I’m about to start sewing my way through a Butterick pattern, #B6339 — a collection of vests and waistcoats. It’s been suggested to me that this is a common item that men enjoy wearing, and that many men would enjoy having as a unique item to wear on top of otherwise-store-bought clothes.
Which makes a certain amount of sense, when you think about it. A waistcoat or vest that looks like everyone else’s waistcoat or vest, just like your pants, your shirt, your boots or shoes, look like everyone else’s, sounds boring. It looks boring. It feels boring. But a waistcoat that’s different from everyone else’s, that’s unique to you, allows you to have a unique appearance while still retaining a more or less masculine figure regardless of the fabric. So say we all.
The first part of this, though, involves learning to do three things that are sort of tricky: make a doubled dart, as shown here in these two photographs; and then make a slash-pocket, which seems considerably more challenging.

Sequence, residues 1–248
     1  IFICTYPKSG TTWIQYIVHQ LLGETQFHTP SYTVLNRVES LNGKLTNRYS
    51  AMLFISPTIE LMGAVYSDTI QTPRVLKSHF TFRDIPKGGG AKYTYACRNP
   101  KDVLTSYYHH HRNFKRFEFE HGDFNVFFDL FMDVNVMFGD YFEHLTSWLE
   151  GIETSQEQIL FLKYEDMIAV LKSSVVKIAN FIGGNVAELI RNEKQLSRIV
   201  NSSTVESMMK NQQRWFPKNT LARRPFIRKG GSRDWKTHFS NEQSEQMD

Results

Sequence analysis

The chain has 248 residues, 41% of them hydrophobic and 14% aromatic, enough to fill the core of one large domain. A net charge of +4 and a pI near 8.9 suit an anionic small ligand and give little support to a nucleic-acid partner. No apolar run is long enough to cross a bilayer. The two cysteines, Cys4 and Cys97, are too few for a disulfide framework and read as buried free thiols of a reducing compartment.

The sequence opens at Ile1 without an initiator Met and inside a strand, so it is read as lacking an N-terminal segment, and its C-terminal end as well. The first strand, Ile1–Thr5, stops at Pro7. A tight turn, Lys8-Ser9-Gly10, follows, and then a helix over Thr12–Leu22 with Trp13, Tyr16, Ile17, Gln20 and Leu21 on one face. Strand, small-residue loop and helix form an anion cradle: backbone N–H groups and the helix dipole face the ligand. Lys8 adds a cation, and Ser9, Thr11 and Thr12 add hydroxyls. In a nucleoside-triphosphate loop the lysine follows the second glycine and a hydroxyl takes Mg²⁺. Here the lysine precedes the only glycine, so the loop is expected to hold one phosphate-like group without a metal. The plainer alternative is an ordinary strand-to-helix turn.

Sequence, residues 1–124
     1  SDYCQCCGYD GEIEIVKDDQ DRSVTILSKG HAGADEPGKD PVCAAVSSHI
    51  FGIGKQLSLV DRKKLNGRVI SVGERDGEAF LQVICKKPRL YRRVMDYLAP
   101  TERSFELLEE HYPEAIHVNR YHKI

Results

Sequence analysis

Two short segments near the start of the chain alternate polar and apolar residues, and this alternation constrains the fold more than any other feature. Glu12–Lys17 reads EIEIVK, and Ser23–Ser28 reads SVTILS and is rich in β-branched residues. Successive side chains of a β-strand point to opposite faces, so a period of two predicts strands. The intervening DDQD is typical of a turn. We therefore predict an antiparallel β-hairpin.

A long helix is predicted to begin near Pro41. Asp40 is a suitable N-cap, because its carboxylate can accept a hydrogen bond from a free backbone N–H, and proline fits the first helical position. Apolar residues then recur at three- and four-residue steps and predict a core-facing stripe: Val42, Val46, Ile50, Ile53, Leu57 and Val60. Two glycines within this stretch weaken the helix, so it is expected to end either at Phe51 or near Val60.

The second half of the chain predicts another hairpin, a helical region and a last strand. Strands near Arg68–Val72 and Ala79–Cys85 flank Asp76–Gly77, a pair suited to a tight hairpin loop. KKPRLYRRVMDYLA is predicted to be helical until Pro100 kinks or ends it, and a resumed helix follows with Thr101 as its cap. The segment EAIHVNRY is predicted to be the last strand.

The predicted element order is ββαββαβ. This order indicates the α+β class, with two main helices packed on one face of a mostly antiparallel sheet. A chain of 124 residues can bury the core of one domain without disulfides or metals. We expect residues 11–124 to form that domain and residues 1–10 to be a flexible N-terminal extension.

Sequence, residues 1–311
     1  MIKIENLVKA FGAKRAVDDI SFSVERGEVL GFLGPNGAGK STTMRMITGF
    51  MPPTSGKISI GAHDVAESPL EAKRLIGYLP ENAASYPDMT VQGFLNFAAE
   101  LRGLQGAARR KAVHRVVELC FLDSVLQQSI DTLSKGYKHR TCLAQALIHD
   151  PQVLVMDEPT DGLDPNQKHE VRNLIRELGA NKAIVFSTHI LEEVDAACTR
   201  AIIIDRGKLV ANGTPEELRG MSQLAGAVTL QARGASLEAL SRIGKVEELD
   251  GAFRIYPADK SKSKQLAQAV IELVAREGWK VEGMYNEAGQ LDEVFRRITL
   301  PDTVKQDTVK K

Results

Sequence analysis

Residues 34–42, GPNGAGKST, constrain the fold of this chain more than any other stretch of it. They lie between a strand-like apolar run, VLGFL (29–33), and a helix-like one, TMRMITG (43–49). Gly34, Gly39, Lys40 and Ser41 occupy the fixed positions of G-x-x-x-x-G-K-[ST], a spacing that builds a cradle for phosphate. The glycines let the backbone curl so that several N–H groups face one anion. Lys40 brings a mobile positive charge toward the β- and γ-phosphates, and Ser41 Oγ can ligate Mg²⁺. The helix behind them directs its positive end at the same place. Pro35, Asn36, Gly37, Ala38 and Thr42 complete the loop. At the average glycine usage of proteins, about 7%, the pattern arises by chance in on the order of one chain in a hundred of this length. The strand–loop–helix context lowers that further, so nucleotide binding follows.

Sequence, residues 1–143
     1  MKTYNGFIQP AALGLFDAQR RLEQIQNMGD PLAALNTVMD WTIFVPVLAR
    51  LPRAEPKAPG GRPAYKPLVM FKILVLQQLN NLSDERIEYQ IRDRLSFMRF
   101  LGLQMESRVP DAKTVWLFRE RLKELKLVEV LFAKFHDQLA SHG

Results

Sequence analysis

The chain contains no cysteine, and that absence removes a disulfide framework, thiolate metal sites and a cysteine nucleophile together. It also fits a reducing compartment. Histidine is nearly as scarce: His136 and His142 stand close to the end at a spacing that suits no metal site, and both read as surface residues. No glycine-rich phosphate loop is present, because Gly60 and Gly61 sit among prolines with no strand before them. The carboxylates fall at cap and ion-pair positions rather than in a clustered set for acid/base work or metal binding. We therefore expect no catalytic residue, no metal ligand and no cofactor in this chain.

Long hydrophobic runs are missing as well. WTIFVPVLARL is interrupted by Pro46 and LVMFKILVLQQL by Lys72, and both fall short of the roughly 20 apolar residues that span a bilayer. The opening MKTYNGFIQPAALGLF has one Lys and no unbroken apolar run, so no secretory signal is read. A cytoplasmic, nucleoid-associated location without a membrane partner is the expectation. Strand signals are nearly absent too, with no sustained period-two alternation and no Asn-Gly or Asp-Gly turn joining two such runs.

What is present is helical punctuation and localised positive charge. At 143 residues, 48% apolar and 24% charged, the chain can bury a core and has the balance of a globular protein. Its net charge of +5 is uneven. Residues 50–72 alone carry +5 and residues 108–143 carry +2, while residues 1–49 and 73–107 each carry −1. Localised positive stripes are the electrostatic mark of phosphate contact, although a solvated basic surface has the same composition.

Essentially, I’m going to make these two darts, and then I’m going to gently cut open that line and the triangles at each end, and attach a pocket to that spot. I don’t know how this is done, but I feel like it’s a level-up if I can accomplish it. Why’s that? Currently, I know how to make about four different coats, including the Enlightenment-era coat and vest both with and without a lining — but none of those designs include pockets. Men (and women) crave pockets, and they’re more likely to buy a garment with pockets than without them. Every garment I’ve ever made needs pockets — even the ones where “pockets ruin the lines of the garment.” Even where they’re not historical.
And so, it’s time to work through a pattern where pockets are essential, where they’re included, where they’re challenging, but where they’re also part of the design. Here, that’s true. And so, we begin — because no one wants to walk through life with nowhere to put their personal stuff like a phone, a knife or their keys.